IMPORTANT UPDATE REGARDING COVID-19: In support of the nationwide effort to slow the spread of COVID-19, and in the interest of the safety of our community, Granary Arts will be closed until further notice. Granary Arts staff is still working behind the scenes on upcoming exhibitions, programming and will be sharing content on Instagram, Facebook, and the website. Thank you for your understanding and patience, and continued support of our mission and programs. We wish you safety and health in the coming weeks!
Granary Arts invites you to join us for the reception of Tingoi, a solo exhibition by artist Adama Delphine Fawundu curated by J. Sybylla Smith.
Reception: Friday, February 28, 2020 / 6-8 pm
Tingoi will be on view at Granary Arts February 12 – May 2, 2020.
Granary Arts open hours: Wed – Sat, 11 – 5pm
“i found god in myself and i loved her i loved her fiercely”
– Ntozake Shange
West African deities shape-shift, defy time and elude human form. Embodied through art forms including dance, music, painting and sculpture, their powers are transmitted by stories. As the only child in her immediate family born in America, Fawundu’s connection to Sierra Leone is through stories told by her parents. Her Mende father and Krio mother were raised Catholic in the British colony, Sierra Leone. In their stories of everyday life, she heard mystical stories of medicine men, Bondo Nomoli’s (masked beings), and Mami Wata – an omnipotent yet elusive water goddess. Fawundu’s memories inform her latest work where she manifests conversations between multiple African deities and the forceful extraction of her people due to slavery.
These photo-based multi-media works honor the Mende river goddess, Tingoi, the quintessence of beauty. Tingoi expands human imagination to hold all the beauty the world contains. Fawundu understands deities travel through space and time to inhabit a true world beyond human access. She creates various iterations of these beings as they interfere, intersect and confront current and past social and cultural realities. Natural elements including hair, textiles and cowrie shells are integral and powerful conduits in her work. Masks, a form of self-preservation throughout the violent histories of Colonialism and the transatlantic slave trade, are prevalent in her practice. Fawundu unfolds the layers of the stories she knows to create new ones. She reimagines, reenacts and recreates Afro futurist identities representing a new narrative, and honoring the complex history of the African Diaspora.
About the Artist
Adama Delphine Fawundu is photographer and visual artist born in Brooklyn, NY to parents from Sierra Leone and Equatorial Guinea, West Africa. She received her MFA from Columbia University School of the Arts. Her art explores the strength of African and Black diaspora culture and identities that continue to evolve despite the social violence of the transatlantic slave trade and colonialism. Fawundu is a co-founder and author of the book and movement, MFON: Women Photographers of the African Diaspora. She is currently an artist-in-resident at the Center for Book Arts in NYC. Her awards include the Rema Hort Mann Emerging Artist Award, New York Foundation for the Arts Photography Grant, and the Brooklyn Arts Council Grant. Fawundu’s works can be found in private and public collections such as the Brooklyn Museum of Art, The Brooklyn Historical Society, The Norton Museum of Art, Corridor Art Gallery, The Museum of Contemporary Art at the University of São Paulo, Brazil, and David C. Driskell Center, For the Study of Visual Culture of African Americans and the African Diaspora, University of Maryland.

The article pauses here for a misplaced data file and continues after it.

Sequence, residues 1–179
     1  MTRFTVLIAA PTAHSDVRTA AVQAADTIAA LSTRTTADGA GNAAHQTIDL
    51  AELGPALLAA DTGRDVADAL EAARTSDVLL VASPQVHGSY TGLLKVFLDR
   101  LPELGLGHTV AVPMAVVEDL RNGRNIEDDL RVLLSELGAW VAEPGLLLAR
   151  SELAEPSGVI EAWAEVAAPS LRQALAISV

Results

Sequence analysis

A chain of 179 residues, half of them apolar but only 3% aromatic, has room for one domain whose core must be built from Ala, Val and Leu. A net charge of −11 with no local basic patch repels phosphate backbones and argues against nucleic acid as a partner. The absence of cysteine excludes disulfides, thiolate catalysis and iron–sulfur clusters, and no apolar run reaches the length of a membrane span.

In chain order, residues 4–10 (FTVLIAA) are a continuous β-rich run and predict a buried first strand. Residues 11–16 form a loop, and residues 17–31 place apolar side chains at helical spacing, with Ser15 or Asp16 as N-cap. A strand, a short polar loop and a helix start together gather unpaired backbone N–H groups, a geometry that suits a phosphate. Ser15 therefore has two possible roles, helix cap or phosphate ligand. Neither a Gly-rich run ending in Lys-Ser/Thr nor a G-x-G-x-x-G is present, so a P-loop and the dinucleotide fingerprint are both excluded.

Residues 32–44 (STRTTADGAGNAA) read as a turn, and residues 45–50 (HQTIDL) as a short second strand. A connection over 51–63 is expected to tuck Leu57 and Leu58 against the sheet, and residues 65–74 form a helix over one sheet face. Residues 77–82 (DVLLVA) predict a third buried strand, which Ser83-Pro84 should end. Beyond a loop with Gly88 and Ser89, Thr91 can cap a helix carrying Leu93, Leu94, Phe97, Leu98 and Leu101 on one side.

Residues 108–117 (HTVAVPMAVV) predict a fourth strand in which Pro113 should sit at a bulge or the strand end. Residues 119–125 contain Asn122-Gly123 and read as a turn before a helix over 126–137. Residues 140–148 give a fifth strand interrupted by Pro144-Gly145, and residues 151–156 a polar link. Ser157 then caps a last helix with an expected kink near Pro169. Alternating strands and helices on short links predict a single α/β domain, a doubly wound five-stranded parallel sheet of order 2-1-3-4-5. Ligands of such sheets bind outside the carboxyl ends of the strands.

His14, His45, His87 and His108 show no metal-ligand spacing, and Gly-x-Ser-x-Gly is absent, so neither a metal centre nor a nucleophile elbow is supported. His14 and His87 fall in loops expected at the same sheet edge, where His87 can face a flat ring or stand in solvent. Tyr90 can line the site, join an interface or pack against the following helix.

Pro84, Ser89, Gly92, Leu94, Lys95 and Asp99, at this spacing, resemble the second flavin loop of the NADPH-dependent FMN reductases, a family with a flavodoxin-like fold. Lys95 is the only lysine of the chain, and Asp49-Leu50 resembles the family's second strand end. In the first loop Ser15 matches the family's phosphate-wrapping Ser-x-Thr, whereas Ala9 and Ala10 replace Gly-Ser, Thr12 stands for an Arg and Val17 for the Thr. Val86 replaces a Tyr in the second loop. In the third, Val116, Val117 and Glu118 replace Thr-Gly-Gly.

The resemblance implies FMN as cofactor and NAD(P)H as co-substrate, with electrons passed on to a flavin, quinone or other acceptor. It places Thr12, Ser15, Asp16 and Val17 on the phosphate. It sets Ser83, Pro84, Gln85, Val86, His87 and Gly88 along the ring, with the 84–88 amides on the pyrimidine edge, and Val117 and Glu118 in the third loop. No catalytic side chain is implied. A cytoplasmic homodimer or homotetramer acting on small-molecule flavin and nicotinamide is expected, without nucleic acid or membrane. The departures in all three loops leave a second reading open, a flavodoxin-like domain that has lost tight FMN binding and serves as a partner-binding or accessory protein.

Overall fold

Visit her website at www.delphinefawundu.com or follow her on Instagram @adamadelphine
About the Curator
Sybylla Smith is an independent curator, educator and consultant who has featured over 110 international artists in 27 solo or group exhibitions in the past 8 years. Her exhibits have been held in various traditional and non-traditional settings including a free-standing Boston-based gallery, a satellite gallery with the Griffin Museum of Photography and Digital Silver Imaging, Harvard University Ed Portal and Photoville in Brooklyn, NY. Two exhibits traveled to South America and Mexico. Smith created and teaches a concept development curriculum, Concept Aware®. A framework is introduced utilizing contemporary photography as illustration of 8 essential elements of creative practice. Pending publication, she teaches workshops nationally. As guest editor, author and book reviewer she has published articles on photography, contemporary art and gender parity in the arts. As an adjunct professor, guest lecturer and thesis advisor she has worked with The School of Visual Arts NYC, Harvard University, Wellesley University, Emerson College, Tufts Museum School of the Fine Arts and Emmanuel College. As a visiting lecturer Smith presents on Women in the Arts, Gender Parity and Creative Practice. She consults with individual artists, arts organizations and educational institutions to develop exhibitions and educational programming.
Visit her website at www.jsybyllasmith.com or follow her on Instagram @jsybylla
Event is free and open to the public.
Granary Arts is supported in part by Utah Arts & Museums, with funding from the State of Utah and the National Endowment for the Arts, George S. and Dolores Doré Eccles Foundation, Stewart Family Foundation, and generous support from Ephraim City.
Free parking available